John Wall dominated once again and the Wizards took care of Toronto 106-99 to go up 3-0 in the series. The Raptors won the first quarter for the third straight time and once again, went into the half trailing. Going into the series, the Washington’s bench was considered to be their biggest weakness. This was a valid assumption: their five starters led the team in on court net rating, per NBA.com. The Wizards’ reserves have been superb to start the series, with second year wing Otto Porter Jr. leading the way.
Porter has been a relevation throughout the series, leading the Wizards in plus minus at +36 for the series. Wall is second at +28. Porter’s production has been fantastic too: 10.3 points, 7.3 rebounds and 1.7 steals per game on a blazing hot 63.2 percent shooting and 50 percent from deep. Wittman finally featuring lineups with Paul Pierce at power forward has been huge, but Porter is doing far more than just leveraging the short minutes with that clever lineup.
His on-ball defense has been fantastic and several times throughout the series, Porter has flown into the picture to disrupt a play or make a steal. His off-ball gambles have been the perfect mix of risk and reward. When all the defensive attention is focused on the dynamic duo Wall and Bradley Beal pose, Porter is flying into the paint for uncontested offensive boards instead of only spotting up in the corners. His energy and execution have forced Wittman’s hand: only Wall and Beal are averaging more than Porter’s 33.8 minutes per game in the playoffs. Porter has shown flashes of all of this in the regular season, but he never found a consistent role in Wittman’s rotation. His emergence as a key sixth man is nothing short of miraculous for Wittman and the Wizards.
In a smaller–but almost as entertaining–subplot, Drew Gooden has been a legitimate stretch four for the Wizards. He chipped in 12 points and seven boards in only 18 minutes Friday, hitting three key triples in the first half. The ability to mix and match Pierce and Gooden at the four with Porter at small forward has been a crucial aspect of the Wizards’ success.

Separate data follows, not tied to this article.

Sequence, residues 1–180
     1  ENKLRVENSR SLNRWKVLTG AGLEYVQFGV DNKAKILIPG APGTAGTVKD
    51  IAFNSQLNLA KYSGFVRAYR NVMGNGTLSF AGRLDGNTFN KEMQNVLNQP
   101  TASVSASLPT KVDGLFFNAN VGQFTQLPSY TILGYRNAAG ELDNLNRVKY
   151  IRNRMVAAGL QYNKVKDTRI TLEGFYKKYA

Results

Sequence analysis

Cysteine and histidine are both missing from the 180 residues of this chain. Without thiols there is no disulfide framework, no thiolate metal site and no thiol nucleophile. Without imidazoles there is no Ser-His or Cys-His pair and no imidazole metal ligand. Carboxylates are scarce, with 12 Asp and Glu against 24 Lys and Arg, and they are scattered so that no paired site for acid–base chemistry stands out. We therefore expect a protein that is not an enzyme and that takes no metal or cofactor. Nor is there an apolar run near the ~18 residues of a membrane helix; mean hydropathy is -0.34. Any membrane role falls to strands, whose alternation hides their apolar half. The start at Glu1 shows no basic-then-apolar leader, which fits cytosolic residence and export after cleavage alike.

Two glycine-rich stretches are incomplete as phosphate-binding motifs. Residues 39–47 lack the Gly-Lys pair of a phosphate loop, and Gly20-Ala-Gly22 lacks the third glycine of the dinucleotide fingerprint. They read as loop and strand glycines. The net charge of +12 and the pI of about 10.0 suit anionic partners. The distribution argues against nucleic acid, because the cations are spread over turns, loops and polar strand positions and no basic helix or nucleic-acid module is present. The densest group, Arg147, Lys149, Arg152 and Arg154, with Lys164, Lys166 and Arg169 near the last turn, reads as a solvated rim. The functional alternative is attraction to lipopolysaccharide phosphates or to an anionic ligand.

While Porter’s play has been a great story for Washington, the Raptors are falling apart in the most public of manners. Kyle Lowry continues to play just dreadfully. He knocked two threes to open the game and proceeded to miss 11 straight shots over the next two quarters. Whether it’s fatigue, nagging injuries, or more likely a combination of both, Lowry looks completely toast. He was mostly lifeless on both ends from the opening tip, finishing five of 22 from the floor. He made two of his last three shots in a fruitless Toronto comeback attempt, lightly obscuring the true awfulness of his night on offense.
DeMar DeRozan had a much better game, but it was really the same old story for him, too. DeRozan blasted off to 20 first quarter points, almost exclusively off of long jumpers. He quietly missed all four of his second quarter shots as the Wizards stormed to a 54-48 halftime lead. He finished with 32 points, six assists, and six boards, but he missed 15 of his final 18 shots. DeRozan gets going early off extremely difficult long jumpers, but he hasn’t found any easy or efficient ways to score once those shots stop falling.
Paul Pierce was never worried about this Toronto team, and he continues to back up his confident words. Pierce knocked down four triples en route to 18 points in 27 minutes. His two three pointers in the late stages of the fourth quarter firmly put the Raptors out of reach and ignited the Washington crowd. He may not be able to jump much or run very fast anymore, but Paul Pierce still gets it done at key moments. How can you not love it?
This series is over. No NBA team has ever come back from down 3-0, and the Raptors aren’t exactly losing 50-50 games. Per NBA.com, Washington has the second best net rating in the playoffs, better than Cleveland, Chicago, and Golden State. In a first round where all but one series are 3-0 or 2-0, the Raptors have been outplayed worse than nearly everyone. This Toronto team was never constructed with a specific plan in mind, as Masai Ujiri took over a mismatched roster that turned into a pseudo-contender with the trade of Rudy Gay. At the end of his second season up North, Ujiri is undoubtedly itching to build with a real plan going forward. Any player on Toronto’s roster could be gone next season, with head coach Dwane Casey’s seat perhaps the hottest of all. The Raps may somehow band together to steal Game 4, but the Wizards have locked this one up.